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Earth ground is used as a reference from which all voltages are measured in systems which are earth grounded. Because the earth absorbs or dissipates nearly unlimited electric charge, it should always be at an ideal zero or ground potential. (Barring such problems as corrosion or improper grounding.)

I understand that high voltage transmission lines do not simply have a ground at each end of the system; that multiple ground connections are utilized throughout the length of the line to keep things consistent. This is because conductors are imperfect, etc.

My question is, if you could measure the potential difference between two distant points, both earth grounded, using an ideal superconductor, would there exist any difference (if so, why)? Is the "zero reference" on one continent the same as another? Common sense tells me it should be, it's the same earth. Someone asked me whether there would ever be a reason that they differ, and I couldn't say definitively.

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  • \$\begingroup\$ Earthing an HV transmission line would cause fireworks... Its the trannys and generators which get earthed (and towers but unless something goes wrong they're not part of the electrical system) \$\endgroup\$
    – Raggles
    Jul 7, 2013 at 23:49
  • \$\begingroup\$ @Raggles Really? I know the transmission line itself isn't earthed, the towers and related systems are for reference. \$\endgroup\$
    – JYelton
    Jul 8, 2013 at 0:43

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Short answer is Yes.

The differences in geology (chemical, water content, magnetic (Earth's magnetic field), electrical disturbances (including lightning), physical stresses) mean they are different.

Remember the Earth is a rubbish conductor (mixture of insulators, semiconductors, conductors and liquids in random proportions from place to place) so if you tried to harness this I believe you won't get much consistent power.

You might get a huge magnetic input of power during a solar storm due to the changing magnetic field of the Earth as it interacts, but until we can store such unpredictable power, it is of limited use.

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  • \$\begingroup\$ See electronics.stackexchange.com/questions/17354/… for how hard it can be to connect to Earth.. :-) \$\endgroup\$
    – Spoon
    Jul 7, 2013 at 22:58
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    \$\begingroup\$ Also, Earth's magnetic field is moving a little all the time, and normally this isn't a big deal in a small circuit, but integrated over a geographically large area, it can induce significant currents. \$\endgroup\$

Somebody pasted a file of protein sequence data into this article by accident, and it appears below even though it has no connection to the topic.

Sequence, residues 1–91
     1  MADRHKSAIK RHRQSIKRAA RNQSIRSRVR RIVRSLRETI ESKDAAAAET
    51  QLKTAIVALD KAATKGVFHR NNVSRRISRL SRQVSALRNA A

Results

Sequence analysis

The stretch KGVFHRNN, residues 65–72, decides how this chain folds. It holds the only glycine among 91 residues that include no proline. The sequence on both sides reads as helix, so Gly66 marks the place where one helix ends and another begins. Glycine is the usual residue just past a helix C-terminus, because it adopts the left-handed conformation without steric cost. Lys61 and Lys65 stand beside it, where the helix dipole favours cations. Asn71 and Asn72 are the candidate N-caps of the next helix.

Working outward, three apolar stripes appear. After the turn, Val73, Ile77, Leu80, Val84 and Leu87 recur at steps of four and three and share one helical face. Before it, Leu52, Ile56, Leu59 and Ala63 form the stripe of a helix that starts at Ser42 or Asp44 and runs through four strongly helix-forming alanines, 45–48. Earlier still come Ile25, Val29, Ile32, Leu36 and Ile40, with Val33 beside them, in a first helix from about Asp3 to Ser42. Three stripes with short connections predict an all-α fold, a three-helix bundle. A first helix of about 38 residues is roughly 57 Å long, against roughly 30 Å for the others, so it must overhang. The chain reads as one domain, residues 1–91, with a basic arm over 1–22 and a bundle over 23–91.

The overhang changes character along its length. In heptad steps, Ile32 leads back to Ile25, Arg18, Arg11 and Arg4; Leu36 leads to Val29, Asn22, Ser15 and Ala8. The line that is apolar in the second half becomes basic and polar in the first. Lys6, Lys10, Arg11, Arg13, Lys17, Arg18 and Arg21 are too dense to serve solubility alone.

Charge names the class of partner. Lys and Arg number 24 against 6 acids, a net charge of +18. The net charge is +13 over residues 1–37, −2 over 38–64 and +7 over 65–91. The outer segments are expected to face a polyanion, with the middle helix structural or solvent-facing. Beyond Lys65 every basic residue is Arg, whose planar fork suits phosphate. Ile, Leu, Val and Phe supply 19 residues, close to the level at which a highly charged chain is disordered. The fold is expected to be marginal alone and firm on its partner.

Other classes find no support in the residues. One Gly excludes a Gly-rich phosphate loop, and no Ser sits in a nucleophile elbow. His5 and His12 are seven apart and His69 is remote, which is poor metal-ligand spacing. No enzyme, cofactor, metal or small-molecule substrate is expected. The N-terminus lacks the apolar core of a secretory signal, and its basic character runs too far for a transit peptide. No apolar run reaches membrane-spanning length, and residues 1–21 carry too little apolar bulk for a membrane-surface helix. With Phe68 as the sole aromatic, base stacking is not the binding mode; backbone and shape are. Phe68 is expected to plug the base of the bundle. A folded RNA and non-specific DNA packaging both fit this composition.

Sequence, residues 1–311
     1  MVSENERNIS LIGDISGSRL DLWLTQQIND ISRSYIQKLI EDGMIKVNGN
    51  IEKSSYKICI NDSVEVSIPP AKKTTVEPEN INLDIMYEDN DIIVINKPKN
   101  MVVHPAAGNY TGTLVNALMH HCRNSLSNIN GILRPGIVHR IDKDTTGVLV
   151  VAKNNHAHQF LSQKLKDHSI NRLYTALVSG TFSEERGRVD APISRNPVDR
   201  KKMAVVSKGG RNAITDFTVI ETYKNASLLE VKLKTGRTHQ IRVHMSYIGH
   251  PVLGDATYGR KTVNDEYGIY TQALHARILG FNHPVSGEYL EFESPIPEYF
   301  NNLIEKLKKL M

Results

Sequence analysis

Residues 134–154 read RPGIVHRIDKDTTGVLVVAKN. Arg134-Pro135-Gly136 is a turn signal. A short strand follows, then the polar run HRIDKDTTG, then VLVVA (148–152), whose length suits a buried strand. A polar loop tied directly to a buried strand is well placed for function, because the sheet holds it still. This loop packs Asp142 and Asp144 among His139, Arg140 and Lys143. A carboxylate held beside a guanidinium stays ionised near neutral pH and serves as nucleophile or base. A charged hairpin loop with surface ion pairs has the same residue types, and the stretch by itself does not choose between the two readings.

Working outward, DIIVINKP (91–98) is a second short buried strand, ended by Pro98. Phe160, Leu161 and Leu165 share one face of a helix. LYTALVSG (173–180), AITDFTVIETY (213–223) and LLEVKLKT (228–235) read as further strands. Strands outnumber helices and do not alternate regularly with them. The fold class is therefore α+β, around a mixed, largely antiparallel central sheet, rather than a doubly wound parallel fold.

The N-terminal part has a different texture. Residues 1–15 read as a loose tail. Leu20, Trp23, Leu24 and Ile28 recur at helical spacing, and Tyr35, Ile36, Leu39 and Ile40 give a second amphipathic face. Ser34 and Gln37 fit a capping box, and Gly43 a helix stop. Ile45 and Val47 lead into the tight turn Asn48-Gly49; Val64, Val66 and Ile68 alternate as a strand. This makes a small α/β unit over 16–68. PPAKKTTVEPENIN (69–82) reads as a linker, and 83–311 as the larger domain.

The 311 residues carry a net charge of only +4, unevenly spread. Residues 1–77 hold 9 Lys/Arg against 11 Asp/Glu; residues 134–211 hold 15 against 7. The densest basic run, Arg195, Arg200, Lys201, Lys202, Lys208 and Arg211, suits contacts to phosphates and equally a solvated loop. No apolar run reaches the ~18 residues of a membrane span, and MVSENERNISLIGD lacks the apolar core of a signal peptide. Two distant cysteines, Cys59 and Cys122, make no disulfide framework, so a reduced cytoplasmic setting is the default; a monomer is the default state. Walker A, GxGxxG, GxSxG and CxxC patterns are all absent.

– Phil Frost
    Jul 8, 2013 at 0:50
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Yes, there is a difference of potential between ground at 2 geographic locations. This is why the power company has neutral grounds at poles along the route. They dont want that potential difference to cause current flow in the wrong direction. Go outside and look at the pole line if you have above ground power and you will see that the majority of the poles have a copper wire running down the pole to keep the reference equal along the whole route and ultimately the grid.

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    \$\begingroup\$ Neutral is generally not grounded along the transmission network. (It may be in your location but you should say what this is.) You may be confusing lightning conductors or spark-gap earthing wiring with neutral links. "They dont want that potential difference to cause current flow in the wrong direction." Is there a "right" direction? Welcome to EE.SE. \$\endgroup\$
    – Transistor
    Jun 28, 2023 at 19:19
  • \$\begingroup\$ :) Of course AC being what it is no there is no wrong direction but that being said there is a ground that current "flows" to. In the US we do have a neutral ground. According to the NEC neutral is the nominal return path. Thank you happy to have found you Im sure I will be educated here and hope my small amount of knowledge can help others. I am always open to learning or correction if i dont understand something. ;) \$\endgroup\$
    – Easy Ogre
    Jun 29, 2023 at 12:09
  • \$\begingroup\$ Neutral is so-called because it has been "neutralised" by connection to earth. This is the case in any system, in any country that uses live and neutral. I suspect that if you can get a decent photo of the transmission network copper wire running down the pole that you will find that it is not connected to any of the wires on the pole (which would eliminate the need for insulating hangers on that wire) but is connected to any metalwork on the pole. \$\endgroup\$
    – Transistor
    Jun 29, 2023 at 22:12

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